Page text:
Menopausal Symptoms and Sexual Functioning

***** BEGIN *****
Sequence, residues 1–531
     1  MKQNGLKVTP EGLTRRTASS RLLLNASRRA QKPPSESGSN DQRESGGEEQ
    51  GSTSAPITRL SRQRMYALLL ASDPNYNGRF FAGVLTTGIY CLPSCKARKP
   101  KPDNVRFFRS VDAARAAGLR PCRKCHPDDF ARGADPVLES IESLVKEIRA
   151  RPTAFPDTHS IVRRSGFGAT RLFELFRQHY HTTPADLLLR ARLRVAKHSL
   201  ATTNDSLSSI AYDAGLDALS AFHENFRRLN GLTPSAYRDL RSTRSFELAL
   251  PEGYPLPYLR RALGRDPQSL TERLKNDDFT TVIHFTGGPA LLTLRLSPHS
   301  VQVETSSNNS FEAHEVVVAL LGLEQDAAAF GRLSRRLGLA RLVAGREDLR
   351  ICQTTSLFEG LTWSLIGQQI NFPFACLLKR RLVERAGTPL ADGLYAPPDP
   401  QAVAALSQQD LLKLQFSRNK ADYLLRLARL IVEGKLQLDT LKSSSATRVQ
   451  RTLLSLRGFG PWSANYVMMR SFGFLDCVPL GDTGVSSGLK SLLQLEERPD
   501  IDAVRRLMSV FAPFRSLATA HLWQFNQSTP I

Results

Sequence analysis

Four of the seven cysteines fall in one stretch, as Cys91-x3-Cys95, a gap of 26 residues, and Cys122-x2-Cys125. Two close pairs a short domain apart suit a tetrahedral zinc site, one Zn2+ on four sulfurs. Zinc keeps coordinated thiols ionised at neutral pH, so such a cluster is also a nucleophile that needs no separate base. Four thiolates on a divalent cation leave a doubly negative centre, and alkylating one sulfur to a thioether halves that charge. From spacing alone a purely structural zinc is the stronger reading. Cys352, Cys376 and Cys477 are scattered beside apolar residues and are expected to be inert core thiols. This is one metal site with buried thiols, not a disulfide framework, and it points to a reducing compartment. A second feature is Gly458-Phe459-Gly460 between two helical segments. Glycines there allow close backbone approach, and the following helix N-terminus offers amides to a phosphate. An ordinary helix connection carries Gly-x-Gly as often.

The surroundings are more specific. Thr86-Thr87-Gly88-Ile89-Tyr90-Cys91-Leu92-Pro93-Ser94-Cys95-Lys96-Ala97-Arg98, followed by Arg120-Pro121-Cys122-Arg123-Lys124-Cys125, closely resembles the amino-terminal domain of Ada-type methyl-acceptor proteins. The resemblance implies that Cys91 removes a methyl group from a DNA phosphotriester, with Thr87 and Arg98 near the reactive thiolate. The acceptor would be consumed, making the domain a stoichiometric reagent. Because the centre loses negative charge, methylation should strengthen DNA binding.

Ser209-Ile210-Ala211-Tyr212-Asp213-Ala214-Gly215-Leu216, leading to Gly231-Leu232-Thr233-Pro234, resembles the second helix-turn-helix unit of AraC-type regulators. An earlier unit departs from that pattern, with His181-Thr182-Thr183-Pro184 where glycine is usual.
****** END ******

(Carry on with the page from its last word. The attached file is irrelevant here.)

Menopausal symptoms and sexual dysfunction are common in breast cancer survivors. To date, most breast cancer survivors included in evaluations of sexual dysfunction have been over age 40, reflecting the demographics of breast cancer. Little information is available focusing on sexual dysfunction in very young breast cancer survivors, and no intervention studies have been conducted. Research has, however, identified risk factors for sexual dysfunction in breast cancer survivors including younger age, premature menopause, and the use of chemotherapy (124). The use of tamoxifen and type of breast surgery may also have an impact on sexual functioning, especially in young breast cancer survivors. In a survey of 371 women diagnosed with breast cancer age 40 and younger (mean age at diagnosis 33 years and mean age at follow-up 36 years) where 77% of these women were premenopausal at follow-up, many reported bothersome sexual functioning or menopausal-type symptoms (125). In particular, 46% of women reported hot flashes and 39% reported dyspareunia. Current ovarian suppression, menopausal status, baseline anxiety before the diagnosis, pregnancy after the diagnosis, prior chemotherapy, and lower perceived financial status were associated with more bothersome symptoms. Evidence indicates that intervention to improve menopausal symptoms and sexual functioning is effective, although limited research to date focuses on very young women (126).